Thursday, June 25, 2009

The Rooibos Cookbook - The Making of PART 1: EMILY's

So, here we go, August 1, 2008. The first day of shooting on this big project for Rooibos, that has in the present already culminated into:

A touch of Rooibos:

books

14 Local chefs contributing to this phenomenal project, funded by Rooibos Ltd. In total, I spent about 21 days shooting for the book, spread out over six months, but at times, about 3 days per week.

TEAM: Gerda de Wet - Rooibos Ltd

EDITOR: Daleen van der Merwe

ART: Karen Hermans, Catapult Advertising

PHOTOGRAPHY: Danie Nel assisted by Jeremy Puren

STYLING: Kanya Hunt

 

DAY 1: Emily's

The shoot was scheduled for about 10am, since the restaurant had a function that carried on till about 3 in the morning. Arriving alone (Jeremy had to shoot some stuff at the studio), Johan Odendaal greeted me with his customary: "Jy't groot geword!".It's taken me some time to pick up on the innuendo in that.  Ignorance is indeed bliss. Well, it has been like 6 years since we last met. He was obviously in the mood for chatting and was on his who-knows-how-many'th coffee. I was also nursing a killer headache, and it turned out, so did Kanya, who rocked up shortly after. So I went to source some pills from the pharmacy while they started coffee.

The kitchen was still being prepped so one after the other latte followed to the point where my pupils was so small I could look straight into the sun without blinking. Finally the kitchen was ready and we could get going. Johan has his own ideas about food, and one can spend hours just mesmerized as he surmised, waxes lyrically, criticises, elaborates and talks non-stop about food, food experiences, who he cooked for, etc etc. What's clear is that this boytjie knows food.

We had a very open brief going into the book, and having to shoot in operational working kitchens, it became very clear, early on, that this book will happen on a trot. I created 2 set-ups. A Speedlight set-up in the kitchen for prep-shots - not step by step, but rather emotive shots of things blurring, falling, burning, exploding and all sorts of kitchen details. The other set-up was big mono-heads in the front of house area (and idea I abandoned by the second shoot and exclusively worked with Speedlights to keep me mobile). I seldom used a tripod.

Now, for those who have visited Emily's recently, you would note the rather pink assault on all things visual. The ceilings are pink, the walls are pink, the fans might've been pink. Now, if you're bargaining on some ambient light, that means all things white will turn pinkish. Luckily, the brief did suggest that the feel of each establishment needed to be captured, and I was comfortable with my observation that the feel is pink. (Also, they have a electronic toilet that does the wiping, cleaning etc for you!!! I didn't know how to bring that into a cookbook, so decided against it. Go there, even if it is only to remote control your toilet experience for once in your life.)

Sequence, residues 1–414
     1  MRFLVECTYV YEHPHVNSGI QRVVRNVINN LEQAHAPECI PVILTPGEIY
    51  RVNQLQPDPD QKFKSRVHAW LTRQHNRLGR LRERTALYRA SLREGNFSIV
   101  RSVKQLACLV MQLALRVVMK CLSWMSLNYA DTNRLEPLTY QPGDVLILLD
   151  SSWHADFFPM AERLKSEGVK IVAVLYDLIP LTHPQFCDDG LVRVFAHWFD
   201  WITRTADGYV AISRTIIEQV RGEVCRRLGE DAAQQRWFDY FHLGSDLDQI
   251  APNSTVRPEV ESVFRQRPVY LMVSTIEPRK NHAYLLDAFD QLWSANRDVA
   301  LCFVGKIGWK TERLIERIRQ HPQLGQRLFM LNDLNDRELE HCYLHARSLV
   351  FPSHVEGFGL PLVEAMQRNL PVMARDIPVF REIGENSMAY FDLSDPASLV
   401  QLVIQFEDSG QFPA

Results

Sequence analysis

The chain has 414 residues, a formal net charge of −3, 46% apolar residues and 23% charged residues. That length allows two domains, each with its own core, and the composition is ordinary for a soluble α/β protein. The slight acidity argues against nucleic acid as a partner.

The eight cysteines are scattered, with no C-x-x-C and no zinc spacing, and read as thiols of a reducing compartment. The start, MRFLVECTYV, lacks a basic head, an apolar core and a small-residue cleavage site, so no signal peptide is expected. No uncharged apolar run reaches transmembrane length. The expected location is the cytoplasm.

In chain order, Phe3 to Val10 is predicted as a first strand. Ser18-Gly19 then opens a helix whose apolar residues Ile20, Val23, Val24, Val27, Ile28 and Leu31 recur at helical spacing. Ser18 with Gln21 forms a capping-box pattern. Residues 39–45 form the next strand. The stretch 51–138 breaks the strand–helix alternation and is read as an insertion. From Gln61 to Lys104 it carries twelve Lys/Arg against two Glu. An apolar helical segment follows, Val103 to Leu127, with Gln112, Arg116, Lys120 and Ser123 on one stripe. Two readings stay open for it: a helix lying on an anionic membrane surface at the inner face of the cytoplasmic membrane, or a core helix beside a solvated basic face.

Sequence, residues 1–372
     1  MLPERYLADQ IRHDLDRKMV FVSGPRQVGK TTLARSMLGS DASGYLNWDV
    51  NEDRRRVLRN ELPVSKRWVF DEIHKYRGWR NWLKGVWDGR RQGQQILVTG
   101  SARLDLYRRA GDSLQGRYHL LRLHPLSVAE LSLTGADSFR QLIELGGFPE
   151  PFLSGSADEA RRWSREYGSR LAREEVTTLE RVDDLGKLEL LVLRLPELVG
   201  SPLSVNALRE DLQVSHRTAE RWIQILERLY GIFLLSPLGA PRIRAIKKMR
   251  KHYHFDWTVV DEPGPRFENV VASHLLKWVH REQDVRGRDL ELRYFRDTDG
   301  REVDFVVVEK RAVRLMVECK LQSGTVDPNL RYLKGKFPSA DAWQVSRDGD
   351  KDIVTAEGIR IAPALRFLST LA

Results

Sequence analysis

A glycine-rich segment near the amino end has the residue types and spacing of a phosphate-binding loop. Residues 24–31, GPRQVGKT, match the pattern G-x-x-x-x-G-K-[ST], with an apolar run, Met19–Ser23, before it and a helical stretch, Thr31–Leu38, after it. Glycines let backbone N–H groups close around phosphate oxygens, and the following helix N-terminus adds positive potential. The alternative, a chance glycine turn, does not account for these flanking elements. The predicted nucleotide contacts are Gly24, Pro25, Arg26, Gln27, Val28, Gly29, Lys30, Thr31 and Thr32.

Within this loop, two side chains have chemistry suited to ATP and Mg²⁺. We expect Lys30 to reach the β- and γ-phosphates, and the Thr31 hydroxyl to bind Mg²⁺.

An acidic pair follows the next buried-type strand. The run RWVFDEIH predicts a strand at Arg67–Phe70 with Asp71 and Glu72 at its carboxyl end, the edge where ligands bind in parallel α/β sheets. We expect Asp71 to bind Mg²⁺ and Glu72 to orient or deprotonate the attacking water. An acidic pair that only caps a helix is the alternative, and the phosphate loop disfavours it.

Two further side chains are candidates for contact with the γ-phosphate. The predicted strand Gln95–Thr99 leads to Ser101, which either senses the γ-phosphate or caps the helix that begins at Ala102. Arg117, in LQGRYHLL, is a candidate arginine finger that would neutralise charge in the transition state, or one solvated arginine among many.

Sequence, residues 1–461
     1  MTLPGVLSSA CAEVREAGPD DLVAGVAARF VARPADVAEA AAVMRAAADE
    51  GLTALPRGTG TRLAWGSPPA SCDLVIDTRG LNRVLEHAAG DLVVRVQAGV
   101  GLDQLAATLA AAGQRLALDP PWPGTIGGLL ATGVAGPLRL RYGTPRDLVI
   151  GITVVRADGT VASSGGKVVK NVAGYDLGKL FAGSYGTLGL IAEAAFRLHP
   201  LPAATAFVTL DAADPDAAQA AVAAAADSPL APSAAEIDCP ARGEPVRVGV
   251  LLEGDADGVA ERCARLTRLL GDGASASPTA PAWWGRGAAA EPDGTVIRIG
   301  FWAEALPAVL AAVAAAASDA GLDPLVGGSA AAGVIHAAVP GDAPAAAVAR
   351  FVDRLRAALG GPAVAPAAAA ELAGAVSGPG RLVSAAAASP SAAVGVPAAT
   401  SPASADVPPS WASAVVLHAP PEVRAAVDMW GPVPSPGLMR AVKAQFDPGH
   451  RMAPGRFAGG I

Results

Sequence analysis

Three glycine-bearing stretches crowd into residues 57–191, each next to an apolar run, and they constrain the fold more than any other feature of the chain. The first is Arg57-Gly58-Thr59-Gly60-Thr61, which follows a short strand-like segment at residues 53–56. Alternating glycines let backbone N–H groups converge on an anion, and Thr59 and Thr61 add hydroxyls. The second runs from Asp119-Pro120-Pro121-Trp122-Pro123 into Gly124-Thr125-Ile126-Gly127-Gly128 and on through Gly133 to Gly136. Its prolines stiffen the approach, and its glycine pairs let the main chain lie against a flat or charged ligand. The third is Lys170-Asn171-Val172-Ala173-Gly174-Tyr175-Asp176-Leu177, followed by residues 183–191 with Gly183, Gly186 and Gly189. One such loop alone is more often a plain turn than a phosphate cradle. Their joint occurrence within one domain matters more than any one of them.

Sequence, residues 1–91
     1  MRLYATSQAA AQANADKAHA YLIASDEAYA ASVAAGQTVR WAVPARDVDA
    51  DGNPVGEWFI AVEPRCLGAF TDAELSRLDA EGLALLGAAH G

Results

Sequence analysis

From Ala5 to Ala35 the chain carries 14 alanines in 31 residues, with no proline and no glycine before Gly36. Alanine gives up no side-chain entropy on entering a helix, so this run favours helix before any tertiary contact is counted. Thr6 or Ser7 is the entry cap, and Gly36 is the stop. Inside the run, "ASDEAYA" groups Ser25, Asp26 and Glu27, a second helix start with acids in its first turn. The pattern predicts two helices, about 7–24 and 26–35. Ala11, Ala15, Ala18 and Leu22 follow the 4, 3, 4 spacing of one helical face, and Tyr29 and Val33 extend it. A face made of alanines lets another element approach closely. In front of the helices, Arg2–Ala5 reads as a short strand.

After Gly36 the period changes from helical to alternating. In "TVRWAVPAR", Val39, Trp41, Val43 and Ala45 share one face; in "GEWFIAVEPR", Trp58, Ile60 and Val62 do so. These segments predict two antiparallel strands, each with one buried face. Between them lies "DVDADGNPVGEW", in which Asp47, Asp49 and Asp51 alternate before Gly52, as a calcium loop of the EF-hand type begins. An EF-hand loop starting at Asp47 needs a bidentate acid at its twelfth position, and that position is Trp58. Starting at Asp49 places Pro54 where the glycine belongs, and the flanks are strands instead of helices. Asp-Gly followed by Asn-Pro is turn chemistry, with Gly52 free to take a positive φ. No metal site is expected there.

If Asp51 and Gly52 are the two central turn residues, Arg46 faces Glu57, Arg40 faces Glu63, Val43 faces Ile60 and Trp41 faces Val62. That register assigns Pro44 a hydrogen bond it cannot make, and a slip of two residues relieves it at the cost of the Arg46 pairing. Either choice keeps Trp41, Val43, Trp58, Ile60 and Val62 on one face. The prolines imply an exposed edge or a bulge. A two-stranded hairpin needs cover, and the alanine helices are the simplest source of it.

We soon found a rhythm of shooting in the kitchen, running to front-of-house and then shooting finals.This would become the METHOD. The cool thing about this book is that every recipe got a full page image plus supporting imagery. This meant I had to shoot like a mad-man. Top of head calculations suggest I shot 9000 images in the production thereof.

The problem with shooting with chefs is that the presentation of food on a plate differs vastly from the presentation to a picture. Kanya was there to help facilitate this bridge, but at the same time, at the schedule we held, she could only really work with location and give input. Chefs do what they want to do. So often we ended up with huuuuuuuge white plates and small artsy food arrangements in the middle. This to me is the same as plating onto a white background,because trying to facilitate that food and the background, becomes hard. However, I wasn't there to complain, but to create. So, I decided to use hard shadows to fill white areas in plates and thus enable me to shoot slightly wider.

Emily's is known for highly creative styling, and we certainly weren't disappointed. Being a muso, the piano was obviously the first thing I noticed, and I suggested we shoot something at the piano. A minty/chilly/chocolatey thing followed (yummy) and the porcupine needle, another Emily's fav, as placed as a nice juxtaposition to the keys.

Several other dishes followed, and at about 8pm I was able to get back in my car, caffeine-poisoned, tired, well amused (you laugh around Johan), well entertained, creatively stimulated and simultaneously drained, and looking forward to shoot nr. 2.

No comments: